Getting a quality night’s sleep depends on spending ample time in the most vital sleep phase, the third NREM stage, where the body is recovering from daily activities. The stages of sleep are as follows:


This is the lightest stage of sleep, during which you can be easily awakened and may drift in and out of consciousness. (4) In this phase, your brain waves are slower than when you are awake. In this phase, your brain waves show bursts of activity known as sleep spindles.


In this stage, your body temperature, breathing, and heart rate decrease as your brain and body prepare to sleep. Your brain waves show bursts of activity known as sleep spindles.


This is the most vital phase of sleep, and the sooner and longer you can spend in it, the higher quality sleep you will achieve. In this phase, the body’s tissues are repaired, and the immune system is strengthened. If you’ve ever woken up feeling groggy or disoriented, you were likely in deep sleep.


Most people consider this phase of sleep the most important. However, in this phase, the body shifts from recovering tissues to consolidating memories, dreaming, and learning. This phase is characterized by rapid eye movement, vivid dreams, and heightened brain activity. (4)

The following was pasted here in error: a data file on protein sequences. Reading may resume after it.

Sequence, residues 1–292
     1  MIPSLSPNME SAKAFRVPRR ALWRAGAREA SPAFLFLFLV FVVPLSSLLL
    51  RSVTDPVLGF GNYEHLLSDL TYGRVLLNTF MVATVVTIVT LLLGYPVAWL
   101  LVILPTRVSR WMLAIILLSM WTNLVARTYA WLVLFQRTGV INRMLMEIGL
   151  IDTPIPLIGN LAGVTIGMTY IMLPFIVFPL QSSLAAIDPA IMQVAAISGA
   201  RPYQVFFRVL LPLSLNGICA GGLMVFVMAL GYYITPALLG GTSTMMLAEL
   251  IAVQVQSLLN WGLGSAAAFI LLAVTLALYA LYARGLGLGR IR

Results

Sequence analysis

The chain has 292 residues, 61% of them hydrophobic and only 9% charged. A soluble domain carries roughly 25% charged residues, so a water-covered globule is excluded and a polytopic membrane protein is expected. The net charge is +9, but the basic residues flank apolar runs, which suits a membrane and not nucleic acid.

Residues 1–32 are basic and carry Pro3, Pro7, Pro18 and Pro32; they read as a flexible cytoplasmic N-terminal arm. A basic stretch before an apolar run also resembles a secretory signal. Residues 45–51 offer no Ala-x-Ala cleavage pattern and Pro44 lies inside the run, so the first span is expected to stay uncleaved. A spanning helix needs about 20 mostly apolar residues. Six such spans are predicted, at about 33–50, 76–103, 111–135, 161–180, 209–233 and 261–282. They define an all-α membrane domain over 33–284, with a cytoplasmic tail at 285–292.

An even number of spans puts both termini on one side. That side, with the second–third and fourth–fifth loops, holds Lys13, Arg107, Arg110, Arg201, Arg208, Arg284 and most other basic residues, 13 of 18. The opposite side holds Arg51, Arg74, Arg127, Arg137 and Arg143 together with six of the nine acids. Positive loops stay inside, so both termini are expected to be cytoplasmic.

By developing a pre-bedtime stretching routine, you can transition your body and mental state into one that is prepared for sleep and more easily begin your journey through these phases.

How Pre-Bedtime Stretching Improves Sleep Quality

Bedtime Stretching

This is how stretching before bed can be beneficial:

Muscle Relaxation & Blood Flow

There are many responses within the body from stretching that can contribute to increasing your sleep quality.

For starters, stretching can promote increased blood flow to the target muscles. After stretching, a subsequent increase in blood flow brings oxygen and nutrients to the area while removing metabolic waste products that may have accumulated throughout the day. (5)

This increased blood flow can contribute to decreased muscle tension and promote relaxation.

Stretching before bedtime can also stimulate the release of endorphins, the body’s feel-good hormones, which further increase mental state and relaxation.

Lastly, a stretching routine before bed can help take your mind off things causing you anxiety.

Reduced Muscle Tension

Various daily activities can lead to increased muscle tension and subsequent poor night sleep. Prolonged sitting or standing, repetitive work motions, or intense exercise can all cause muscle stiffness.

You can target these problem areas by consistently stretching before bedtime and ensuring they don’t prevent you from falling asleep. If the stiffness you are experiencing is causing you physical pain, such as back pain, stretching may benefit you.